In equitable distribution cases when the court divides marital property, a business ownership interest is an asset to be identified, classified, valued and distributed to (usually) one of them. Like any asset, it might be marital property or separate property and it may be distributed to either spouse if it is marital. The scope of this topic is very broad and cannot be fully addressed here. This article is a brief overview of the things experts, such as CPAs, might consider when performing a business valuation.
Business Entity: What is the Structure?
The way a business is organized impacts the value of it and the manner in which the business is taxed. Sole proprietorships are businesses owned and operated by an individual, created without filing any formal paperwork. Other businesses are created formally by paperwork filed with the NC Secretary of State. Limited liability companies (designated with “LLC”) are more suited to ownership by an individual or a few people, and they usually require less paperwork. Corporations (designated with “Inc.”) are formal, and require special paperwork to be annually maintained, corporate officers to be elected and formal bylaws to be followed.
Why the Business Structure Matters
There is value added or subtracted from the value of a business based on many factors, including whether the business is publicly traded or owned by a few people as a closely held corporation (CHC). CHCs owners are often family members who sign buy-sell agreements that require the co-owners to give each other the first right of refusal if one chooses to sell his or her share of ownership. The ability of an owner to sell his or her ownership interest is key because market value is based on what a willing buyer would pay a willing seller. In CHCs for example, willing buyers might require that only a few people, such as family members or business partners, get the first right of refusal in the event a spouse wants to sell. This can reduce the value of the business. If the business owner is a licensed professional, such as a doctor or lawyer, who works alone as a solo practitioner, the value is limited because the value of the practice depends on that one person whose license isn’t transferable. While a business or practice has a value, the actual professional license or business license that terminates on transfer is separate property. Businesses and any co-owners must be named as a party to the lawsuit for the court to have authority to order them to do things.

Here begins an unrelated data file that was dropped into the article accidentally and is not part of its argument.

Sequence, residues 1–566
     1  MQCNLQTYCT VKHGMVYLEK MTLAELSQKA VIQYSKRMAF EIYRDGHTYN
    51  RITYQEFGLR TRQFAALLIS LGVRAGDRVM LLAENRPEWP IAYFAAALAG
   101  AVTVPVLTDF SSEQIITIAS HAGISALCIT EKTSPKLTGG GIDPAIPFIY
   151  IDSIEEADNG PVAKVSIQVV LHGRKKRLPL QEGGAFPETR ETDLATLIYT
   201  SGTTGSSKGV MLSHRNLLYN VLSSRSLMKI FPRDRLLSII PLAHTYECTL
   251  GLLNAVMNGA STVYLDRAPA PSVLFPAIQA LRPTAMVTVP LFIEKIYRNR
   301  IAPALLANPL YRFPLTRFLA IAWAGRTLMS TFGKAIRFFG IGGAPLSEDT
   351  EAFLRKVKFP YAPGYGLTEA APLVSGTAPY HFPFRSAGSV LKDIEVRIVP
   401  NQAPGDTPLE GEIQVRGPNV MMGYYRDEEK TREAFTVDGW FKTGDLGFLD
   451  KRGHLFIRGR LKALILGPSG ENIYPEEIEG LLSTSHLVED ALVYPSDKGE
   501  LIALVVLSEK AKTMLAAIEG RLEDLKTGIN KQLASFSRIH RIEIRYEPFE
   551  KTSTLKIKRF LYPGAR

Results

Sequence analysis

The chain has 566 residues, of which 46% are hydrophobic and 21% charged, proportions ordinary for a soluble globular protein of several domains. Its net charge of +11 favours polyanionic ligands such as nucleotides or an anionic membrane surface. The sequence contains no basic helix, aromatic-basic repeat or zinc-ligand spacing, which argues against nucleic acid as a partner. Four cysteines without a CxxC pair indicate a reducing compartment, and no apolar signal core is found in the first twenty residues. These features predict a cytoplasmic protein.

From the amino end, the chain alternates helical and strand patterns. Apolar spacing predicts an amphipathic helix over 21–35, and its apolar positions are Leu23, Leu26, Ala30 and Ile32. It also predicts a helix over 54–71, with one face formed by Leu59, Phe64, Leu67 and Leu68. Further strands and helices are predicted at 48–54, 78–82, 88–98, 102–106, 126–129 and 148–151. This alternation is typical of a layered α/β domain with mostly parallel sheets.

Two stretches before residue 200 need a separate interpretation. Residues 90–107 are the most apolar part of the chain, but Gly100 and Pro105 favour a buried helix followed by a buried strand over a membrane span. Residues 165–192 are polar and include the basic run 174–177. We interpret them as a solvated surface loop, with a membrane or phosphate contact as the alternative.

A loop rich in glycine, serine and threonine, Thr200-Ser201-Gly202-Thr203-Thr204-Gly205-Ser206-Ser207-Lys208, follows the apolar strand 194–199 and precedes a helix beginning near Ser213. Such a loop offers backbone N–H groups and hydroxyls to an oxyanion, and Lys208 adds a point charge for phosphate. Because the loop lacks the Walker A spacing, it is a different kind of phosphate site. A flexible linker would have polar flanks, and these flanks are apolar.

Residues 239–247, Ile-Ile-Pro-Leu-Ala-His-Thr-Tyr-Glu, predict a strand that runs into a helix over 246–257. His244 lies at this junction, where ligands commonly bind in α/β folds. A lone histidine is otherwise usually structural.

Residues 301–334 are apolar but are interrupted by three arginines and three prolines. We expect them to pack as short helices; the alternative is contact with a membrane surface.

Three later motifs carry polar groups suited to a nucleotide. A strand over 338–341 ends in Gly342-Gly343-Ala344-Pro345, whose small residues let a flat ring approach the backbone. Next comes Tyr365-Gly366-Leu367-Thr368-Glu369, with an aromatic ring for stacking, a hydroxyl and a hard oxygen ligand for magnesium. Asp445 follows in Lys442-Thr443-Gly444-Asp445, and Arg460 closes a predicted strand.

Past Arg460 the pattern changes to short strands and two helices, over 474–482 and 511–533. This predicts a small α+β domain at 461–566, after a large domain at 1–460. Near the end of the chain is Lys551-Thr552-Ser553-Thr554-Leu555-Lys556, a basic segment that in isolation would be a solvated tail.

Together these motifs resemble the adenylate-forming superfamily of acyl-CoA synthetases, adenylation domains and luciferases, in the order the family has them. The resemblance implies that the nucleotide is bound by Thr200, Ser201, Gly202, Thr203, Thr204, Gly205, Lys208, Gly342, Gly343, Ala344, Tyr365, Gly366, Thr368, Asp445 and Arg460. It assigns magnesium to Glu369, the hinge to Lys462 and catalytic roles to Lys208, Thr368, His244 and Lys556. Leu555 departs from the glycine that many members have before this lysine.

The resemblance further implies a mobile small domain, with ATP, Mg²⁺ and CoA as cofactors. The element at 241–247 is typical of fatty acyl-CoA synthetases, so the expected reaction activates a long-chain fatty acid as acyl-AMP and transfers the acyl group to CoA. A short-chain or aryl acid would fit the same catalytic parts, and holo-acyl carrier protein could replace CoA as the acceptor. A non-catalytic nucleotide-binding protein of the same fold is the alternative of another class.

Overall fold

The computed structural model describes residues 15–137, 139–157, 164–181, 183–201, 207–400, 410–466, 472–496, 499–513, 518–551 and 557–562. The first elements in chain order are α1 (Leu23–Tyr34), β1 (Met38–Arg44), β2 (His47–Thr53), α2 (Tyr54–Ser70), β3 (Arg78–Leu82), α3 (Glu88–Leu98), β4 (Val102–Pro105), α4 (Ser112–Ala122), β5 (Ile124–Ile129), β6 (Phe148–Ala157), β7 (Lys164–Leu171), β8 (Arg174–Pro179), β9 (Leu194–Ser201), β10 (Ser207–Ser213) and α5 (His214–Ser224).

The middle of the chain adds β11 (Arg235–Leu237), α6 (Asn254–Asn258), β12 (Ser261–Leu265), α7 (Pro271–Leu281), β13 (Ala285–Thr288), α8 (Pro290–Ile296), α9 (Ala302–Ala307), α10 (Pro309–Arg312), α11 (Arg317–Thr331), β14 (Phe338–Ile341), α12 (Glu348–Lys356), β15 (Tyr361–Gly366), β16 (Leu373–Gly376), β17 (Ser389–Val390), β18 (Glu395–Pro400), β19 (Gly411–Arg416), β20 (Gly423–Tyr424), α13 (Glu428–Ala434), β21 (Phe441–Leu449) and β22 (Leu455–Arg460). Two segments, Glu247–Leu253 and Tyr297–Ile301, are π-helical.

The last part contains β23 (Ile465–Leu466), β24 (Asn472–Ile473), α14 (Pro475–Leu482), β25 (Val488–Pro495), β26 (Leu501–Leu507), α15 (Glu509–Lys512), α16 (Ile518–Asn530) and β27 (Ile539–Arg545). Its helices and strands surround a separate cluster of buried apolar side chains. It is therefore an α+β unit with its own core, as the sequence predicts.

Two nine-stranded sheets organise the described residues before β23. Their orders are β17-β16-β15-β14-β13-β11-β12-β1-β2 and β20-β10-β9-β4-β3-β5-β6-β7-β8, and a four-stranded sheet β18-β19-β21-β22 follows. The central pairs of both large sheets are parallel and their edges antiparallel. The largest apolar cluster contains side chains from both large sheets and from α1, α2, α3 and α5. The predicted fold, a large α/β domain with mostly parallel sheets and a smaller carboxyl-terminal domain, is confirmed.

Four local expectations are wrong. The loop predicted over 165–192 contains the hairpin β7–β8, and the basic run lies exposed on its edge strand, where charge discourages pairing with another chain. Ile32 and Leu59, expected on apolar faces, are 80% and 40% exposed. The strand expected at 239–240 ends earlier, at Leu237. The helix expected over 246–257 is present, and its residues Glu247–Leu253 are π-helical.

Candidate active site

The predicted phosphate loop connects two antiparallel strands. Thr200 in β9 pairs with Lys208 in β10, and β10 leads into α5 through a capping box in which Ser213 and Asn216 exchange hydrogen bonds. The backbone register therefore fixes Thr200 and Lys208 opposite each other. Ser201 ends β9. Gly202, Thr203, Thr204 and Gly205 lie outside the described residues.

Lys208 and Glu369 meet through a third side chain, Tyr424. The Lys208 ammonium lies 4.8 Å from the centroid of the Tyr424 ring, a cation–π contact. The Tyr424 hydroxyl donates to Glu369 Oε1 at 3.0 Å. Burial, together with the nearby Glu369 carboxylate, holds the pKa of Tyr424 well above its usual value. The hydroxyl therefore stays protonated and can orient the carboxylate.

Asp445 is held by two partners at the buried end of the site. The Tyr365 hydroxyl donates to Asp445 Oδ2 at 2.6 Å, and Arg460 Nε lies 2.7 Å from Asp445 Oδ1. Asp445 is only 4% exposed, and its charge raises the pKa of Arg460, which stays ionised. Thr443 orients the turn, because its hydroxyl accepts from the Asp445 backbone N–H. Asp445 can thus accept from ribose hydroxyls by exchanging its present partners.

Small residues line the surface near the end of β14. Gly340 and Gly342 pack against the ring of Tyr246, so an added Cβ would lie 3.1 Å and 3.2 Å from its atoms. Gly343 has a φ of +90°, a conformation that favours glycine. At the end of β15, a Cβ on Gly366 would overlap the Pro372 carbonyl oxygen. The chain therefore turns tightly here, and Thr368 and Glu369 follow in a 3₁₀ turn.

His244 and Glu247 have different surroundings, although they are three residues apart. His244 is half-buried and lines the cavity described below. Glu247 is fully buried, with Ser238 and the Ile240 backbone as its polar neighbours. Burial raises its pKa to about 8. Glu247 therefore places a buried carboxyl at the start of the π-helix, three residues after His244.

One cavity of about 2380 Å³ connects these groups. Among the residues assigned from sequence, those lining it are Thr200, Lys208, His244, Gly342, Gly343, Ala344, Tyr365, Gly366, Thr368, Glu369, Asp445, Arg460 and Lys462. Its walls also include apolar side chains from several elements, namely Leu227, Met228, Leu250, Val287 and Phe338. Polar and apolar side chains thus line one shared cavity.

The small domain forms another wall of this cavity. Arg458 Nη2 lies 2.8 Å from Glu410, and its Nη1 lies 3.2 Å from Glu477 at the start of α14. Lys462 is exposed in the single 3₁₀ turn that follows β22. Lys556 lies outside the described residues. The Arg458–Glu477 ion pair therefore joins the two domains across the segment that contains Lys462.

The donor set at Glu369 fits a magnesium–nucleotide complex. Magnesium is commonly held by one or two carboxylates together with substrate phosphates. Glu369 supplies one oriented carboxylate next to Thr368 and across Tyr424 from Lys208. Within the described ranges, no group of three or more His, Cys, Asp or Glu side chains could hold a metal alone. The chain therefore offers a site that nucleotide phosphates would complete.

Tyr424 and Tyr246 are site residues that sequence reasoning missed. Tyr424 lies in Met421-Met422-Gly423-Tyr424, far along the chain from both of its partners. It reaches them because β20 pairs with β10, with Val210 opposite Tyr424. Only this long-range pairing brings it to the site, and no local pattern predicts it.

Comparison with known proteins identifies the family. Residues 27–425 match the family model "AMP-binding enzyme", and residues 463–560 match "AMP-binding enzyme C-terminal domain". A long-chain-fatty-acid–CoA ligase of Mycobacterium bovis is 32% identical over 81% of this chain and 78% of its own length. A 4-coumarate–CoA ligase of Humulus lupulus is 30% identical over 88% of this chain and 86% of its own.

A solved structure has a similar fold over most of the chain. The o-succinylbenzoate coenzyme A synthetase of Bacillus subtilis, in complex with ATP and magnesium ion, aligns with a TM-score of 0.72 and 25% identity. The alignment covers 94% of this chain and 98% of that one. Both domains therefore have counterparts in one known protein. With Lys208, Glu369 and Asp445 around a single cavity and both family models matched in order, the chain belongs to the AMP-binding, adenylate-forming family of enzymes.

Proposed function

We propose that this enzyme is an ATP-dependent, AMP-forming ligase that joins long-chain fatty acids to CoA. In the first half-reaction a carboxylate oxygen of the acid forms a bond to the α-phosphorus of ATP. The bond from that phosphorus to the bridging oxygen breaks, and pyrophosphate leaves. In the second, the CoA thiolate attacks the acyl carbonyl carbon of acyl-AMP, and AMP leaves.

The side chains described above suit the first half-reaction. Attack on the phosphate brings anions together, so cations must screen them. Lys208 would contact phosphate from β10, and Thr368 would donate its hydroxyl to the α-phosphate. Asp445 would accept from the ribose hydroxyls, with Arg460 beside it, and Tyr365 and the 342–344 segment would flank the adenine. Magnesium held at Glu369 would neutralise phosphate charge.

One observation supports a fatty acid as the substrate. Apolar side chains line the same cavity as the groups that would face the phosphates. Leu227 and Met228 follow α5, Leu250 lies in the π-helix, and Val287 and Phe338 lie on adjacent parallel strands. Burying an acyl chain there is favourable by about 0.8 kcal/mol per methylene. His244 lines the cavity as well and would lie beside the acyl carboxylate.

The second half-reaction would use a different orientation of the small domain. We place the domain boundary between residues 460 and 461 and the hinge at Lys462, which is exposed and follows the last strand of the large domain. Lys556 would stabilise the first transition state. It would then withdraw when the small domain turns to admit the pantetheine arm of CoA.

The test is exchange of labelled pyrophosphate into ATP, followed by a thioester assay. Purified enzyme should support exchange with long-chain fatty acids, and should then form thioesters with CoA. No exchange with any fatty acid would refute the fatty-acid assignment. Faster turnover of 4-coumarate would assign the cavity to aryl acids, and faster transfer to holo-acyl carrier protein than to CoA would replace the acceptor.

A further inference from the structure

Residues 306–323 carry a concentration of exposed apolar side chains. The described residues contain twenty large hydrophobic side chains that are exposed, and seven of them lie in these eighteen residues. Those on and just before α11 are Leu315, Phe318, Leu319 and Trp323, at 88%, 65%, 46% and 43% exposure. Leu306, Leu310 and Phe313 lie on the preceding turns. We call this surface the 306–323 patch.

Factors That Impact Value
Name recognition of the business is known as “good will.” For example, a local car dealership that has existed for 40 years has more name recognition, and may be more valuable than, a brand-new dealership. Consumers tend to more highly trust an established business. Tangible assets contribute to the value as well. Company assets might include equipment and office supplies, vehicles, bank and investment accounts, certain contractual rights, promissory notes and outstanding accounts payable to the company, inventory, and even real estate. Retained earnings are funds that remain in the business accounts, instead of being distributed or paid to the owner(s). This is critical when determining income for purposes of support to the other spouse, especially if it is unclear whether these funds are counted twice, once as business value and again as income. Company debts and expenses can include mortgages, lines or credit and business loans, insurance, state and federal taxes for the business and employees, payroll, retirement contributions for employees, health insurance, etc. Business value is also impacted by potential liability in the event the business is faced with litigation (personal injury, unemployment claims, malpractice, bankruptcy, etc.) or the likelihood of anticipated litigation.